Denver Subway Home Seller Huge Profit Story


The incredible real estate boom in the Denver metro has made it difficult for first-time buyers on a budget, among many other home hunters. But it was a boon for salespeople like a Parker couple, who agreed to share their own whirlwind experience in detail.

The couple, Mark and Tara, bought their house just three years ago for $ 355,000. After the house has been on the market for the last few months, the price has risen so rapidly, and surprisingly, that Mark has lost not one, but two friendly bets with Tara on where he would like – which happened. turned out to be well above half. one million dollars.

“It was amazing – just unreal how this process turned out for us,” says Mark.

In 2018, Mark and Tara (they asked us to omit their last name, along with any photos of the actual house and its address) saw the $ 355,000 price tag on a location in Parker as a bargain. . “It took a bit of work,” admits Mark. “It was a rental house; the previous owner had rented it for about five years. So there was wear and tear. Nothing structural; it was not really a redevelopment. shot, the price was reasonable for the neighborhood we bought it in. ”

He describes the decision to sell the house three years later as “a spur of the moment based on market conditions. At the end of January, we contacted the real estate agent who had helped us buy it, and he suggested that we do a few things to spruce it up before we put it on the market. ”

In total, Mark and Tara invested around $ 10,000 to repaint the interior and install new rugs. When the job was done, they got together with the real estate agent to figure out how much to ask.

“We assessed the market,” recalls Mark. “We did comparisons across the region based on square footage, dollar amounts, general condition. Basically we did a market analysis and we priced at the top of what houses like ours were looking for. We weren’t trying to set a record, but we didn’t want to put ourselves down either. Basically, we went to the 85th percentile. ”

Yet when their real estate agent suggested the ideal price was $ 415,000, Mark admits that “I was a little worried. I said, “Are we sure? He said, “Relax. We’re going to do just fine. We’re going to get more than the list price.” And I said, ‘Okay.’ ”

Tara was more confident. She bet Mark on new shoes that the final bid would be over $ 430,000.

Together, Mark, Tara and the real estate agent set a date for the sale of Wednesday, March 31 – a time when concerns about COVID-19 were still in the foreground. To allay fears, they established a set of security protocols. The weekend open day would only last 48 hours and everything would be scheduled: no visits. Visitors should use masks and gloves, and surfaces would be disinfected between each visit and after all visits are over. Moreover, Mark and Tara would not be present; they made arrangements to take their RV to New Mexico during the open house.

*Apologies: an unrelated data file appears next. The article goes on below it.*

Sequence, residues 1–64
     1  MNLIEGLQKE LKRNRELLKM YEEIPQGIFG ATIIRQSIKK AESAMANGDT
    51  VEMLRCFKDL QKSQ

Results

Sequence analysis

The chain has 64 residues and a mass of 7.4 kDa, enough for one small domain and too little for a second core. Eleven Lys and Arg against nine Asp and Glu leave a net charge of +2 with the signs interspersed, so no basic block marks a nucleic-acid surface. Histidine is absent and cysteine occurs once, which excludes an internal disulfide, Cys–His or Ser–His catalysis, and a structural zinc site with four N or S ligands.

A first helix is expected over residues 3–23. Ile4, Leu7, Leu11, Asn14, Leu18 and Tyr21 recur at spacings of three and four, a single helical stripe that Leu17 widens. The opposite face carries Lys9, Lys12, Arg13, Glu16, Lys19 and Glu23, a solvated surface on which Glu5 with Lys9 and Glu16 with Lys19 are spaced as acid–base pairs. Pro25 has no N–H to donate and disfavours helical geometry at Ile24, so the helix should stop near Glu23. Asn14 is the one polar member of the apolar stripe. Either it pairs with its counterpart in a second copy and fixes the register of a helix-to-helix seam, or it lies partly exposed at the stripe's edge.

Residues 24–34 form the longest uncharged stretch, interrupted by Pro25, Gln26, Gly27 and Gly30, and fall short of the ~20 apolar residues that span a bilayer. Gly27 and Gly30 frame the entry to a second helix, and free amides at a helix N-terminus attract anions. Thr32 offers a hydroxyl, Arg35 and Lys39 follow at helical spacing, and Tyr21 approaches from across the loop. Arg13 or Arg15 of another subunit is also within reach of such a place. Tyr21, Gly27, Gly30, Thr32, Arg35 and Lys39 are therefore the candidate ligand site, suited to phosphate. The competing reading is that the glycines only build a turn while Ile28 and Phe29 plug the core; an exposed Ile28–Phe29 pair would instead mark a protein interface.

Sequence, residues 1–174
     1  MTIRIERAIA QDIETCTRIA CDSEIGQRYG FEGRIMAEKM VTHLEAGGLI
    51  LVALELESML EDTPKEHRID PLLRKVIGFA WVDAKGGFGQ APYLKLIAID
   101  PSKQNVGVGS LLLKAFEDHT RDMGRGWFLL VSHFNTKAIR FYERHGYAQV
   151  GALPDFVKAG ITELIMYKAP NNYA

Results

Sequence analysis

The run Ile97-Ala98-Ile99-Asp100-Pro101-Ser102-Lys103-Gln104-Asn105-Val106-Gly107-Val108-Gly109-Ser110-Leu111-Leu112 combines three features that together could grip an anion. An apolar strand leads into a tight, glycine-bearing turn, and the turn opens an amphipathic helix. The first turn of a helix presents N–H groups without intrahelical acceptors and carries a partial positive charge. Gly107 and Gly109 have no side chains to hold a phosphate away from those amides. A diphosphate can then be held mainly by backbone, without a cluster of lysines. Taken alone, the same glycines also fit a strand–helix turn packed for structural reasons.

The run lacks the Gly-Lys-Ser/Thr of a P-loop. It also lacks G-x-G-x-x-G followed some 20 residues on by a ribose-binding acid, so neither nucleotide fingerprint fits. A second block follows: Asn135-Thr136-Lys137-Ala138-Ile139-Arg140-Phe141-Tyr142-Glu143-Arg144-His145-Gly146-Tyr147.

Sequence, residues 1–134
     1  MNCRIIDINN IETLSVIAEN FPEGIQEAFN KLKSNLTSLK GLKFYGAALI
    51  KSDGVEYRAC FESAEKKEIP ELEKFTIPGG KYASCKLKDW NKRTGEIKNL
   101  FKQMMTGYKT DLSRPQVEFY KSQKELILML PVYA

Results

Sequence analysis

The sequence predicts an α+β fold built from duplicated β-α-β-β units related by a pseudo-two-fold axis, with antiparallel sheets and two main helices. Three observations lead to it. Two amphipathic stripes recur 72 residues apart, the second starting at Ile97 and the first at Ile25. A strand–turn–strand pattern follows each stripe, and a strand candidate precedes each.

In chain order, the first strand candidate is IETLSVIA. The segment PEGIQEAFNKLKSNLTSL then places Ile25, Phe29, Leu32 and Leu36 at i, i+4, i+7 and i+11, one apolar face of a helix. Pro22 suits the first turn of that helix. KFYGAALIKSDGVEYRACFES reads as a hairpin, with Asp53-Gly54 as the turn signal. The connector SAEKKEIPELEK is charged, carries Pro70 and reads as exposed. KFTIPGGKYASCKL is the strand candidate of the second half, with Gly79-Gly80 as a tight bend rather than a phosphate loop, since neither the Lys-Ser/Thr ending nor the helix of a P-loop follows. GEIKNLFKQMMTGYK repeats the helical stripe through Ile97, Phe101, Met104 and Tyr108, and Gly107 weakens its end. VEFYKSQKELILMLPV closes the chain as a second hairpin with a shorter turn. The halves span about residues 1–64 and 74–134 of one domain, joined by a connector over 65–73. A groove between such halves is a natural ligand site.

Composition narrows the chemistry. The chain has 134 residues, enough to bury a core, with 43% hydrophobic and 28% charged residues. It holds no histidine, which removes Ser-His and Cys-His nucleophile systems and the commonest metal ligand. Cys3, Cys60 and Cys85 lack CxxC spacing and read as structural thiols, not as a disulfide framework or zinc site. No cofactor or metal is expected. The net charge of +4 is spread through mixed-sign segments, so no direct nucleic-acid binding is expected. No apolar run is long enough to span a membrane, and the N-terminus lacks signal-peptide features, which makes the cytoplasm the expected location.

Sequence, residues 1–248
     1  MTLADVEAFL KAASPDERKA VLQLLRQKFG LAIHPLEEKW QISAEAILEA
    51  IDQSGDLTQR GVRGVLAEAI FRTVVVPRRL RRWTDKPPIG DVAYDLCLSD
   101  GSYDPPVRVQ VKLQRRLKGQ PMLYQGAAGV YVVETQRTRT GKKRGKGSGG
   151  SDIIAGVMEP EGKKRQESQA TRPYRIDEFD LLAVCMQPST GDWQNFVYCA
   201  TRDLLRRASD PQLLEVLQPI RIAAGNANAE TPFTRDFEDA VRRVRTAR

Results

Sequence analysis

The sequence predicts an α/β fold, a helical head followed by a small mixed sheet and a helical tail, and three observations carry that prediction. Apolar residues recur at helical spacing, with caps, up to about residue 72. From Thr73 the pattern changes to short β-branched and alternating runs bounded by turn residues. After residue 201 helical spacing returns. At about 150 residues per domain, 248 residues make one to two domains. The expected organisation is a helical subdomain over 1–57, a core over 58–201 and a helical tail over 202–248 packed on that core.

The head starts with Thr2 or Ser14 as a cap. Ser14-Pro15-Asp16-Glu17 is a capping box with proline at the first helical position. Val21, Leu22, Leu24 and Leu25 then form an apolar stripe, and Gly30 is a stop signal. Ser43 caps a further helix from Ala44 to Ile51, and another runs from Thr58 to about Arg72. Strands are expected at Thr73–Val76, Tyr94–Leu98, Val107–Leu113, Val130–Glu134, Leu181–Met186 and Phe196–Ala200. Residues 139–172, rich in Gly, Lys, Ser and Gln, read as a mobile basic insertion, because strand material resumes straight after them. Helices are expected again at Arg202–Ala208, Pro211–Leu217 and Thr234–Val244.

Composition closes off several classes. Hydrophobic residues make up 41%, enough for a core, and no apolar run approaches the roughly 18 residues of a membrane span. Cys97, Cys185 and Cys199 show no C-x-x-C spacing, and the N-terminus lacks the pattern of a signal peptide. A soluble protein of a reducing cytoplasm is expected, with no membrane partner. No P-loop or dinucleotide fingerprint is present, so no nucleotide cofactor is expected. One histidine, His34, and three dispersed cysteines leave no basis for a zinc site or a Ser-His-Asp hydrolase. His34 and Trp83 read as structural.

The demand was crazy from the jump. Within thirty minutes of the house appearing on the Multiple Listing Service, or MLS, for the metro area, “We received an offer from an institutional buyer in California,” recalls Mark. “They offered us $ 460,000 in cash if we didn’t put them on the market or do the open house.”

They were tempted, but the real estate agent encouraged them to be patient, and they agreed to go ahead with the open house. In the meantime, Tara already knew she had a new pair of shoes.

At first, the real estate agent planned to schedule visits to the house at thirty-minute intervals, but that period of time eventually shrank to just ten minutes. In the end, there were 83 dates over two days, with some potential buyers on their own, some with a spouse or loved one.

From New Mexico, Mark and Tara were able to monitor what was going on. “In the first hour, we were getting bids in the order of $ 450,000. Saturday at noon, we had an offer of $ 472,000, and Tara said to herself:” We’re going to get over $ 480,000. . “And I said, ‘If we get more than $ 480,000, I’ll buy you a new car.'”

Shortly after, he remembers: “The real estate agent called and asked, ‘What type of car are you buying? Because I just got an offer that will satisfy that number of $ 480,000. And then he started laughing hysterically. ”

The fun increased in the evening, when an offer of $ 520,000 came in – and it came with some of the concessions Mark and Tara wanted.

“I think one of the most important factors for us is that we don’t want to be trapped in the inspection process,” says Mark. “We didn’t want someone to come with a large number but then start nitpicking us for every penny to try and get some of the money back. So we wanted them to give up some of their inspection rights. If it was a health issue and a safety issue like a new oven that was one thing. But if a doorknob was a little sticky we wanted them to have a new doorknob. door. And we were also interested in buyers who would come to us with a limited inspection requirement, given that most people were bidding on the appraised value of the house. There was no way it would be estimated. over $ 500,000, so that was taken into consideration. And for a few of them, we asked for conversations with their lenders to confirm the validity of the fund – that they had funds to fill the gaps. deficiencies if the inspection failed. ”

Eighteen bids in total were made on the house, all on top of the list, but the $ 520,000 bid turned out to be “a slam dunk,” says Mark. The deal was closed on April 15, just over two weeks after the house was listed, which generated a windfall (after that additional investment of $ 10,000) of $ 155,000.

Soon after, Mark and Tara started buying a new car.


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